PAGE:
World Bulletin / News Desk
The Republican control of Congress does not necessarily mean an easy time for Donald Trump in the White House, Washington experts said.
“He will have enormous amounts of maneuvering room,” with Republican leadership in Congress, Karlyn Bowman, senior fellow and research coordinator at the American Enterprise Institute, a conservative think tank based in Washington.
But according to Bowman, Trump will have to engage in tight negotiations with congressional Republicans to bridge the differences within the party.
Bowman also pointed out that Trump’s relations with Congress will still depend on the people whom he “surrounds himself with” including his Cabinet, advisors and key bureaucrats.
Trump emerged as the Republican presidential nominee despite strong opposition from the party’s establishment because of his controversial policy proposals and the tone of his political discourse. He was also viewed with a heavy dose of skepticism because he was for years a registered Democrat.
It is no secret he had differences with fellow Republicans on immigration and trade deals to taxes and many other social policies.
But as the billionaire’s razor thin victory in the elections accompanied a Republican lead in congressional returns, Bowman believes Congress, particularly the House of Representatives, will have a big say in the Trump administration.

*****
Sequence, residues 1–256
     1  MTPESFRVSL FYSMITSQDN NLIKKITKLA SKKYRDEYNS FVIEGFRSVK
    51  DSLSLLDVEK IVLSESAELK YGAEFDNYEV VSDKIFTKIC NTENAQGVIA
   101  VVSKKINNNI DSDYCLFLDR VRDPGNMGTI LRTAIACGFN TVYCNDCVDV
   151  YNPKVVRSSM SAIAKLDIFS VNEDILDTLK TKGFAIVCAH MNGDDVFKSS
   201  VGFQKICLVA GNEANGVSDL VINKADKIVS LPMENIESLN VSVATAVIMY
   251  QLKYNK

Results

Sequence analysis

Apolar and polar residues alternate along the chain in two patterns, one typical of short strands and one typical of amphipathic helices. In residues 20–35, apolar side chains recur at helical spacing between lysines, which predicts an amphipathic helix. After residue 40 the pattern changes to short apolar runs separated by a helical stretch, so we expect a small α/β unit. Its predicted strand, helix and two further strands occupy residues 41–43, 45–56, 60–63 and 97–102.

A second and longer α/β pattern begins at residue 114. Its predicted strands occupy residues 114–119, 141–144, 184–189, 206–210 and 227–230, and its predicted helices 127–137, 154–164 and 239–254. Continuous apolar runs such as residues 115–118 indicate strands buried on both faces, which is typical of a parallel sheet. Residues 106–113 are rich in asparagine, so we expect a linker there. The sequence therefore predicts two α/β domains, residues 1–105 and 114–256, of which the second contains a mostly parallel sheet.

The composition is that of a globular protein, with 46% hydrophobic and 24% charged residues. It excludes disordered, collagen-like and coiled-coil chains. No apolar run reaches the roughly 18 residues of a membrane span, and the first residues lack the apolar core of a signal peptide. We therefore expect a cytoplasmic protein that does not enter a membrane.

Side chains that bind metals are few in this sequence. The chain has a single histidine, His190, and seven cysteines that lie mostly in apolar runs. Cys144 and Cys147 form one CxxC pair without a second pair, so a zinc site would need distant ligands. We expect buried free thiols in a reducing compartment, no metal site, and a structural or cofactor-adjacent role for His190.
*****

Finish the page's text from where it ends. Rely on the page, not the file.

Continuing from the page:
All signs point to the Republican Party holding on to 18 of their 24 seats in that were contested in the Senate and the party is leading the race for three others.
Projections show Republicans have secured 51 seats in the chamber and 235 of 435 House seats as the exit results trickle in.
According to Molly Reynolds, a fellow in Governance Studies at the Brookings Institution, although it is a narrow win in the Senate, the Republicans margin in both chambers will bring Trump closer to the party establishment.
“We will see Trump try to pursue some kind of shared Republican policy priorities such as tax cuts [and] repealing the Affordable Care Act,” Reynolds said.
Very much like many Republicans, Trump thinks that President Barack Obama’s signature health care law should be repealed
In January, the Senate and House passed a reconciliation bill against the so-called Obamacare’s “expansion of Medicaid” and “subsidized health insurance.” The bill was vetoed by Obama.
Trump has promised that repealing the legislation would be his first act in the Oval Office.
He is also close to his party in terms of taxing the wealthy more than middle income people as well, according to Reynold.
Trump proposes reducing seven tax brackets to four and lowering income taxes for most Americans rather than just the middle class – all in line with the Republican establishment.
On the other hand, Reynold said there will definitely be areas where Trump and the Conngress would differ.
“One example of that would be things involving social security where Trump says we should spend more on Social Security and congressional Republicans say we should spend less,” she added.
She thinks although these issues will require negotiation it may be the catalyst that can unify a Republican Congress with a Trump-led White House.Last Mod: 09 Kasım 2016, 13:04